In a marked reversal from past pronouncements, the Securities Industry Association (SIA) now supports the NASD's proposed rule that would eradicate the requirement that employment discrimination cases be arbitrated.
In a Jan. 13 comment letter to the SEC, the SIA wrote that it supports the NASD's proposed rule to eliminate mandatory arbitration of claims under Title VII of the federal code. The SIA also advocates a one-year delay between the SEC's passage of the rule and implementation, according to the comment letter.
"SIA particularly supports the rule's recognition that its implementation represents a dramatic departure from the way firms and employees currently operate and that it will have an enormous impact on both firms and employees," wrote Stuart Kaswell, SIA general counsel.
The SIA supports the one-year delay to give firms time to create private agreements for dispute resolution--i.e., firms will still be able to keep employees in industry arbitration forums. In addition, the SIA wrote, firms would need time to notify more than 556,000 registered persons of the change and to prepare for the "increased administrative and workload burdens."
Last year, the SIA vehemently defended the arbitration process for all disputes--including discrimination claims. Last spring, the SIA wrote two letters to the NASDR in response to criticism of employment-related arbitration presented in a Feb. 3 letter from three members of Congress to SEC Chairman Arthur Levitt.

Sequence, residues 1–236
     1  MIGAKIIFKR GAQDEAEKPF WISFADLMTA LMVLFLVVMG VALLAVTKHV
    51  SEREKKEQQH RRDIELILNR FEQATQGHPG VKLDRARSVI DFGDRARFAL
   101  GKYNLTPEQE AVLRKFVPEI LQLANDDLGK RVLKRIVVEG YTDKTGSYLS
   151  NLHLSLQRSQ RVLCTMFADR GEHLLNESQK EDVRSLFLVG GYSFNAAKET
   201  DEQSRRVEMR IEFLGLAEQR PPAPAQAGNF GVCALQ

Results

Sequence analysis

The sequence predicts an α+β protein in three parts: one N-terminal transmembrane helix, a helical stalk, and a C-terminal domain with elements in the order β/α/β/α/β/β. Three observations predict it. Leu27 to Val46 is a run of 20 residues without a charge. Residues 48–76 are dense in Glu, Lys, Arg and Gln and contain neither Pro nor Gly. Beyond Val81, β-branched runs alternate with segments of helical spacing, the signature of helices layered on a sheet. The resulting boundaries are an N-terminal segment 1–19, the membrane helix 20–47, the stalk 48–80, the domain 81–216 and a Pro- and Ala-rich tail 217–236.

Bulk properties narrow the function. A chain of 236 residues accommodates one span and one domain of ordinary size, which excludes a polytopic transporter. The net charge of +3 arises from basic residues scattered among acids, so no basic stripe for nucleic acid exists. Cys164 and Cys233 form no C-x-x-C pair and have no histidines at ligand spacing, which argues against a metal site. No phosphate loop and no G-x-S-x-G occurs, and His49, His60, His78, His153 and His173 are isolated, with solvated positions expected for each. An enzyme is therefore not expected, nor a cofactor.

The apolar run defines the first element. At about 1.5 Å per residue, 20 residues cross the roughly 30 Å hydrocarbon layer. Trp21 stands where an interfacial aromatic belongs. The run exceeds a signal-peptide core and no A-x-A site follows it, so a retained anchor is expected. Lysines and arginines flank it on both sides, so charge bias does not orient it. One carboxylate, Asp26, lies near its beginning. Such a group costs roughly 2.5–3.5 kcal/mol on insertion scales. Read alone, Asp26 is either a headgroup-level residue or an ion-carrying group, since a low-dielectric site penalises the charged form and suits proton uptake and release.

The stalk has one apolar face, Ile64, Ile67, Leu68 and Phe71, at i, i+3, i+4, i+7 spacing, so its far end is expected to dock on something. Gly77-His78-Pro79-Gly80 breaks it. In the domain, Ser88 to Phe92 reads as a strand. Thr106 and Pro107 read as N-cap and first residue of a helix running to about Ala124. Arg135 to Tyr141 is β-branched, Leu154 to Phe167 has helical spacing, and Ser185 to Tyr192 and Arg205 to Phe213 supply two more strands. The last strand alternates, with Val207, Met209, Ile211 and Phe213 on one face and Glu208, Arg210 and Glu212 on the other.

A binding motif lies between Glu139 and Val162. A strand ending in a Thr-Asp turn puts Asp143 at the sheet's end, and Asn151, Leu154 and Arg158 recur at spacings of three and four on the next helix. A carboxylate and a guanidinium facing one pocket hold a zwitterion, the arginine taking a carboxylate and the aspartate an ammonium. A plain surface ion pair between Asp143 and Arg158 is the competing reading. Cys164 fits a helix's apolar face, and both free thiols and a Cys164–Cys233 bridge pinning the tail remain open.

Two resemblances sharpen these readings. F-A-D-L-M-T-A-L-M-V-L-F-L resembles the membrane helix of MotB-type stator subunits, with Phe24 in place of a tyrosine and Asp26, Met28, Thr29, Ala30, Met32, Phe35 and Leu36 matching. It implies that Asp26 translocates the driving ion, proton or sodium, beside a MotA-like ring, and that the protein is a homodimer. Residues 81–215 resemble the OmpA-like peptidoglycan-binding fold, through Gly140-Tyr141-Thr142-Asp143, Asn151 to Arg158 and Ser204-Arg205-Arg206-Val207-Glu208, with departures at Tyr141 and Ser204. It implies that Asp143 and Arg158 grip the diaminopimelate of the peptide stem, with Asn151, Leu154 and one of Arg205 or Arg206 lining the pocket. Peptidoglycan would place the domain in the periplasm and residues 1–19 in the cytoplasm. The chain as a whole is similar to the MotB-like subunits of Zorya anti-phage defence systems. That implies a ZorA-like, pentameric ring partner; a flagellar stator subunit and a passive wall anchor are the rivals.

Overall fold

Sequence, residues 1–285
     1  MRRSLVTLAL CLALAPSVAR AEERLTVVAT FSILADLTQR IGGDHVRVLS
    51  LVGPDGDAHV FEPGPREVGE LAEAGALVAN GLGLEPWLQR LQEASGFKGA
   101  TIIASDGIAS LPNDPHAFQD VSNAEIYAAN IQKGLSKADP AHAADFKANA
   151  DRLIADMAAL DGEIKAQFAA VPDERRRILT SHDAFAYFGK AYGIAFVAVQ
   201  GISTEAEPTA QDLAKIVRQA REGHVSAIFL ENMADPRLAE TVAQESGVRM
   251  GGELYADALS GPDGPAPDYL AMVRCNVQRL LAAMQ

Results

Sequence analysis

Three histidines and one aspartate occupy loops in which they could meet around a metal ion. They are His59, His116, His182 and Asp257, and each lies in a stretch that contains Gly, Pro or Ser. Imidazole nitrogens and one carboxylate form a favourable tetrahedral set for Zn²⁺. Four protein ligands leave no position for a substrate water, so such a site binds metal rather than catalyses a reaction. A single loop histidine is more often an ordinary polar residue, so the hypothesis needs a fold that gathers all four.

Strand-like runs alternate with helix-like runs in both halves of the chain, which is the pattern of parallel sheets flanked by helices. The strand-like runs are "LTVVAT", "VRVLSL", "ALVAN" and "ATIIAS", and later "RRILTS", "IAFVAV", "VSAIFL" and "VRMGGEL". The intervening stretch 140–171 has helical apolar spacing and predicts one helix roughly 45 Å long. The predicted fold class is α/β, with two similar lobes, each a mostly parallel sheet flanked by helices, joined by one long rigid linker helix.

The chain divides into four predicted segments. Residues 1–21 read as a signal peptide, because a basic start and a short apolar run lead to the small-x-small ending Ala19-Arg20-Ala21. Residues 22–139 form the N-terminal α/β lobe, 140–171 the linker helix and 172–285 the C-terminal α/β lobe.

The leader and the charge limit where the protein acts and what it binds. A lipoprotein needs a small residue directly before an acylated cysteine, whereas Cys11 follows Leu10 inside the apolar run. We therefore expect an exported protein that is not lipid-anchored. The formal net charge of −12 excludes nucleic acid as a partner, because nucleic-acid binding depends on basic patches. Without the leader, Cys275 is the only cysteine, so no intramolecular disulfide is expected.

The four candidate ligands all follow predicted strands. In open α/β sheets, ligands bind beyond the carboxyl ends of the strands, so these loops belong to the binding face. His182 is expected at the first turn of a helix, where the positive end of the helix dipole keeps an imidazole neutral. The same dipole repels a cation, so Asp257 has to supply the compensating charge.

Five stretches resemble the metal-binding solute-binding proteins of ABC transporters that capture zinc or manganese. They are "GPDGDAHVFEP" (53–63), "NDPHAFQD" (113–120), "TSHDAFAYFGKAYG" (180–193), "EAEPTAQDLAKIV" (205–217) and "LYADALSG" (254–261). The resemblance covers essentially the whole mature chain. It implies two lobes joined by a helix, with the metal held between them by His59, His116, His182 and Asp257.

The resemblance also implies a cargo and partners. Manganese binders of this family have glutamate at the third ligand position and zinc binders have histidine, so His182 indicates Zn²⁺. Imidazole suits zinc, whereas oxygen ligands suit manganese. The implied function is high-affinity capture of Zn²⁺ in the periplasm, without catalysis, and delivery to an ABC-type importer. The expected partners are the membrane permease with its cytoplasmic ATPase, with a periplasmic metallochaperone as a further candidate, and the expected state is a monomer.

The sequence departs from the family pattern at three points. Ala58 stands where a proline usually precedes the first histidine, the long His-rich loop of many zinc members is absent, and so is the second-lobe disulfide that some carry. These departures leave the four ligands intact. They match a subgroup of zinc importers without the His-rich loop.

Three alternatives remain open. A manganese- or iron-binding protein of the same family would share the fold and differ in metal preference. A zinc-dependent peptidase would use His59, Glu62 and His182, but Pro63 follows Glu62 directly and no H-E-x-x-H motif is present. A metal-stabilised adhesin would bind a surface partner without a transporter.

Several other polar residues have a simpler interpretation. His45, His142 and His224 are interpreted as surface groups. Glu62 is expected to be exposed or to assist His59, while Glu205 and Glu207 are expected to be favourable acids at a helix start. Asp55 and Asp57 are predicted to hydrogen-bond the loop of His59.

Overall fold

"In our view," wrote Kaswell, "the criticisms voiced in the Feb. 3 letter are based on misconceptions of how the arbitration process works. Arbitration is in fact the least expensive, most efficient and fairest means of resolving employment disputes." The SIA argued that arbitration panels, do, in fact, have expertise in employment law, and SROs do make an effort to recruit women and minority arbitrators.
Kaswell also wrote: "We strongly urge that the NASDR follow the recommendations of the Ruder Report, and that it not abandon a system that has served, and continues to serve, so many so well."
On Aug. 7 of last year, the NASD announced its proposed rule to eliminate mandatory arbitration of employment discrimination claims. But the NASD press release states: "The new NASD policy would permit employees to choose between entering into private arbitration agreements with their employers, or reserving the right to file a case in federal or state court for statutory discrimination claims."
On Sept. 7 of last year, the SIA submitted a friend-of-the-court brief supporting Merrill Lynch's attempt to keep a discrimination case in arbitration. The plaintiff, former Merrill rep Susan Rosenberg, was petitioning a Boston federal court to allow her case to proceed in court.
The SIA's brief attacked Rosenberg's legal arguments and supported mandatory arbitration. The trade group argued that NYSE arbitration is fair, and it conducted its own study of 25 NYSE discrimination cases from 1992 to 1997, finding that female claimants prevailed in 60% of those cases, and 79% of the panels included at least one female arbitrator. The SIA concluded that Rosenberg had not demonstrated "systemic arbitral bias."
Federal District Judge Nancy Gertner ruled Jan. 27 of this year that the case should be heard in court (see "Federal Judge Sends Merrill Discrimination Case to Court," OddLots, March '98 RR, Page 36). Gertner said the possible "structural bias" of NYSE arbitration was "deeply troubling."